1) Start the CCDOPS program and set your CCD head temperature. I use a range between -30 and -45 depending on the ambient temperature.
2) Find and centre your desired object. Tip: Select an object at it's culmination, not rising or setting.
3) Remove the eyepiece and insert the CCD head. Tip: Having an eyepiece parfocal with the CCD places the CCD head in near-perfect focus.
4) Take a short 5 second image. This will automatically take a companion dark frame before it takes a light frame. Dark frames subtracted from light frames by the programme eliminates unwanted electronic noise.
5) Centre the displayed image and fine focus using the program's screen prompts.
6) Take a longer exposure of the desired length (eg.: 2-3 mins., but 4-6 mins. with dark frames. See notes.).
7) Save the image for processing later.
NOTES: Long exposures can be achieved two ways. Both require a RA motor drive. A Dec. drive will not usually be necessary if the scope is accurately polar aligned. The first way is to guide your scope either manually or with a second CCD piggybacked in a guide scope. The second is to use the Track and Accummulate feature of CCDOPS which does not require guiding. However, if you purchase either of the ST7 and ST8 models you eliminate the need for a guide scope or manual guiding.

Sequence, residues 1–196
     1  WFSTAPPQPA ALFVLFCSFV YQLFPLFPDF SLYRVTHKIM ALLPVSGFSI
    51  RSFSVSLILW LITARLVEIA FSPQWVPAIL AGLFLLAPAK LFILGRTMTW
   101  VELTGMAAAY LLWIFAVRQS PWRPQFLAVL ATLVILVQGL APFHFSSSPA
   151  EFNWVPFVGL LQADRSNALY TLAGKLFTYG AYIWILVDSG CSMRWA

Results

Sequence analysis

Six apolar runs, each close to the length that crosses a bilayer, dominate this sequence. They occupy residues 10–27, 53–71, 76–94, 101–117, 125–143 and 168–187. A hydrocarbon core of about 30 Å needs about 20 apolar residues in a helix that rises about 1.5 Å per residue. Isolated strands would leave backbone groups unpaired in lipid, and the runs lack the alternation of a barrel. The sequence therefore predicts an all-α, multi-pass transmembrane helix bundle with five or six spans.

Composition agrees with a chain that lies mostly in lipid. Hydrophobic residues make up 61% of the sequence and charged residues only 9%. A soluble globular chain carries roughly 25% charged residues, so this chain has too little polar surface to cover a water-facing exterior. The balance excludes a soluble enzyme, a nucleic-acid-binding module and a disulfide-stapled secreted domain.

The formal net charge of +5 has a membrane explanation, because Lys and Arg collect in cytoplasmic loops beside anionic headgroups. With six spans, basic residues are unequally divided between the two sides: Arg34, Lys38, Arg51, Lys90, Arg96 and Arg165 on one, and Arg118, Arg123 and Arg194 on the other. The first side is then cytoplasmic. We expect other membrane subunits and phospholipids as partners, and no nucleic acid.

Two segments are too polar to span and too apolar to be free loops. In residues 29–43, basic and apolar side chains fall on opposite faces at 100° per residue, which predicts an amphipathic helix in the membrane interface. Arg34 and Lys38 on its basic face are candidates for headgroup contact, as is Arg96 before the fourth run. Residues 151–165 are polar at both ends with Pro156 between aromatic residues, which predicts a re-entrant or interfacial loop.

A library of dark frames can be saved to disc and used over and over again. This feature permits you to take light frames alone and reduces your imaging time by half.
1) At the computer, open your saved image. If you are using a library of dark frames, select an appropriate one and subtract it from the light frame using the program. If a dark frame was taken and subtracted at the same time as you took the light frame you can ignore this step.
2) Depending on the optical arrangement of your scope, it may also be necessary to subtract a flat field to eliminate vignetting. See note.